Internet Society Gets New Leader

Donald Heath plans to work on standards and services -- with as little government help as possible

P> In early April, Donald M. Heath became the first, full-time president and chief executive officer of the Internet Society, Reston, Va.

Since 1992, the society, based in the U.S. government's backyard, has worked to coordinate the development of the Internet -- from setting standards to linking key players.

Anthony Rutkowski, who previously headed the society, now works on Internet strategy for General Magic, Sunnyvale, Calif. Lawrence Landweber, a professor in the computer sciences department of the University of Wisconsin who had served as president of the society in the interim, is now chairman of the Internet Society board.

Heath has a long history with the Internet, starting before anyone called it that. As a young salesman for the predecessor company to NCR, Heath tried to sell network backbone equipment to the Pentagon's Advanced Research Projects Agency. The agency was building the ARPAnet, which later turned into the Internet.

Maybe Heath wasn't convincing enough, or maybe Pentagon officials just didn't like what they saw. "I remember leaving there with my tail between my legs," said Heath.

Other more influential jobs followed, including a run from 1989 to 1993 at MCI Communications Corp., Washington, D.C., where Heath served as vice president of Data Marketing.

Now Heath has another chance to make his mark on the Internet. Washington Technology spoke to him shortly after he started his new job.

WT: How will the Internet Society change under your leadership?

HEATH: We'll be much more in touch with the commercial side of the Internet. It is shaped more by business use now than anything else. We've got to change our focus to help it grow.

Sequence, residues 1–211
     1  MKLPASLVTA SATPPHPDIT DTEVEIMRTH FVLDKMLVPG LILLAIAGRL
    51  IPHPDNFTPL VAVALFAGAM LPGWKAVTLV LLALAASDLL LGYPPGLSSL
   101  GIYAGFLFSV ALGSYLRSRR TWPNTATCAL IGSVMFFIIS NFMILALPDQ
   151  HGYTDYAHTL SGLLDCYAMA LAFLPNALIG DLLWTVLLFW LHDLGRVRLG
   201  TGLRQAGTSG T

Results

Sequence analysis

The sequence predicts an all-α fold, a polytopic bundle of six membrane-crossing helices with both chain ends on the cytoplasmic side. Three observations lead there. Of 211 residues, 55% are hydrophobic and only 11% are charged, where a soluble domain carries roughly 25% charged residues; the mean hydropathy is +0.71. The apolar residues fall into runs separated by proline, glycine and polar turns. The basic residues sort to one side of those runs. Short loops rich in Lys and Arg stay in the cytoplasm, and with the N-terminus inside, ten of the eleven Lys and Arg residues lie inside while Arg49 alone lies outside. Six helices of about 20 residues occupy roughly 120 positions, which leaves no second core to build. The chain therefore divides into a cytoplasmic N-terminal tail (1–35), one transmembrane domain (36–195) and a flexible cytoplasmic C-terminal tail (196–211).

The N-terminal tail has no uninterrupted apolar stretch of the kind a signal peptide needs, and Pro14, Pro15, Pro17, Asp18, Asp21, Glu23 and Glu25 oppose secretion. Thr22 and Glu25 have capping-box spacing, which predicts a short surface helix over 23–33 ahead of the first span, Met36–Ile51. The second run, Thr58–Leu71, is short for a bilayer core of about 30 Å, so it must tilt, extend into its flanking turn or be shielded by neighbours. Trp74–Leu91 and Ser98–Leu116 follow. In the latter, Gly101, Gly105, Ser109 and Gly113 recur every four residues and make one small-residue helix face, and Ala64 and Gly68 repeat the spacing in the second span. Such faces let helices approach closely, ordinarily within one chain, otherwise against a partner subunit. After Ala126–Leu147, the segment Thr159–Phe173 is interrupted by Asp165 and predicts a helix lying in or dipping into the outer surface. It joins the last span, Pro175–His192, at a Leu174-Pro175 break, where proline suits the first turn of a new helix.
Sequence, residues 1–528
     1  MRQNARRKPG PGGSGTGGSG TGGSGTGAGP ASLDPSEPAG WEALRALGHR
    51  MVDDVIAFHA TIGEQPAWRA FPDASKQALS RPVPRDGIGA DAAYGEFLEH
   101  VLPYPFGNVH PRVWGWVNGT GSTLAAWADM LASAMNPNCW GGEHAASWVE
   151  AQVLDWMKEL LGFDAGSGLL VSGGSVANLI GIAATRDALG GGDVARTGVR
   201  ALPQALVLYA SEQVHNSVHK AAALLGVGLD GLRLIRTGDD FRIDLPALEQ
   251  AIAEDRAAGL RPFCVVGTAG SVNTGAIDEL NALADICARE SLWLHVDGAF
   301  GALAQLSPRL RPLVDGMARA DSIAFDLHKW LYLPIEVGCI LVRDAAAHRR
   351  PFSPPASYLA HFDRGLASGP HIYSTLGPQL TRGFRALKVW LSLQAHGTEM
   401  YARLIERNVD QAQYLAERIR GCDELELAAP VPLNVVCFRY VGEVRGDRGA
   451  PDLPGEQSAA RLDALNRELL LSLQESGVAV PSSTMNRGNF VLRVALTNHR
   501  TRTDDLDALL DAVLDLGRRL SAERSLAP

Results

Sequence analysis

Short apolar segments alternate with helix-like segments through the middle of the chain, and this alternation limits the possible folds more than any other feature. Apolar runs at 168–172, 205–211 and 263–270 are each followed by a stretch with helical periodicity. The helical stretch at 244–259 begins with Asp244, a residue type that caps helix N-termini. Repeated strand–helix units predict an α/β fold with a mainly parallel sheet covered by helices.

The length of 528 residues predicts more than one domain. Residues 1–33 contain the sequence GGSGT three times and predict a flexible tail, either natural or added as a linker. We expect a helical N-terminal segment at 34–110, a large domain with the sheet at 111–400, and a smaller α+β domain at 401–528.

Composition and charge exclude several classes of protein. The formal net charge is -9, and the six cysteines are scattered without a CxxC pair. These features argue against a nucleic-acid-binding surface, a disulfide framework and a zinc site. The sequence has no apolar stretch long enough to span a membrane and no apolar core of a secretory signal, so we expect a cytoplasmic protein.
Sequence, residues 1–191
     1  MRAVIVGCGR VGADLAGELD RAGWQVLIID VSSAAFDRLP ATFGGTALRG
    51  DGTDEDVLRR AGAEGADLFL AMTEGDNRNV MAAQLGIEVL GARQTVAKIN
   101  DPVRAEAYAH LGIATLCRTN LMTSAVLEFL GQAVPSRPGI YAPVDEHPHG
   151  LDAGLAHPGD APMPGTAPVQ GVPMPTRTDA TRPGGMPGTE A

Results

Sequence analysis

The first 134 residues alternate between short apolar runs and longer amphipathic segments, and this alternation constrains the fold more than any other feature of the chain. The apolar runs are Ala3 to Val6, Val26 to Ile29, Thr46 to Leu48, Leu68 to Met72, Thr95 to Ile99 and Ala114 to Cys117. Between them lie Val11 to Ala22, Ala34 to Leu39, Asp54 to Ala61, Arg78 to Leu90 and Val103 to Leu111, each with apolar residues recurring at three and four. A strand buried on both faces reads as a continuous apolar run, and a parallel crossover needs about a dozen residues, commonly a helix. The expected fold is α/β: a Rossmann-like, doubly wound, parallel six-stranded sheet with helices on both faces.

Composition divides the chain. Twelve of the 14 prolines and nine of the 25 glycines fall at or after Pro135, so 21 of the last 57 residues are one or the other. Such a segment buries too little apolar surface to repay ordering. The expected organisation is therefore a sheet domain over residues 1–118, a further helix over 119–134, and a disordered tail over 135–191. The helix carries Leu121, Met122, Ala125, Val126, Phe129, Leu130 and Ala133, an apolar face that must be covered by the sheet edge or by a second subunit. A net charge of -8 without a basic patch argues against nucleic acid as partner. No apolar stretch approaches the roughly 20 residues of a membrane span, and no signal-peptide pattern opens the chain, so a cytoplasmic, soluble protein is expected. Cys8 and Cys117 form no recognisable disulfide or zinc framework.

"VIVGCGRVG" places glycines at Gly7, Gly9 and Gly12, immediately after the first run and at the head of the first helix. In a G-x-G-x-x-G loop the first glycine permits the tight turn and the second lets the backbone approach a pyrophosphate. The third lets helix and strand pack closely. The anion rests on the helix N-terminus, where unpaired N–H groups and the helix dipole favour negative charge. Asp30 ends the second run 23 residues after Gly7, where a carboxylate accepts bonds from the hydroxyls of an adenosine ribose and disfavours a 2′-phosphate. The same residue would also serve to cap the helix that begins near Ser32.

WT: What are your top priorities?

HEATH: Standards will always be our No. 1 concern. If you don't have a solid base, you can expect collapse.

WT: Who are your members?

HEATH: We have 6,000 individuals and 150 organizations. Half are from the United States. [Memberships represent 125 countries.] Members are from research institutions, academia and business. Our membership is fairly small now, but we expect it to grow tenfold in the next couple of years.

WT: What's your relationship to the Internet Engineering Task Force?

HEATH: The IETF fits under the umbrella of the Internet Society. We financially support the group. That's a new arrangement -- it's just now that it's happening.

WT: What is the Internet Society's budget?

HEATH: We have a $3 million annual budget. It will increase significantly by 1998 -- we'll at least double that.

WT: What are the greatest challenges now in developing the Internet?

HEATH: If any network is successful, you'll have more use. You have to think about the choke point. No one sees any slowing down [of Internet use]. We need to work with MCI, AT&T, Sprint, the regional Bell operating companies and others to figure out solutions.

WT: What is government's role in Internet development?

HEATH: The less the better. Any regulation would dampen the growth of the Internet.

WT: How do you see the Internet changing in the coming year?

HEATH: I can't wait to see what things will be like. We know we can have more sophisticated multimedia. The passing of information will expand, voice, video, data. I see an incredible evolution of every aspect of the Internet.

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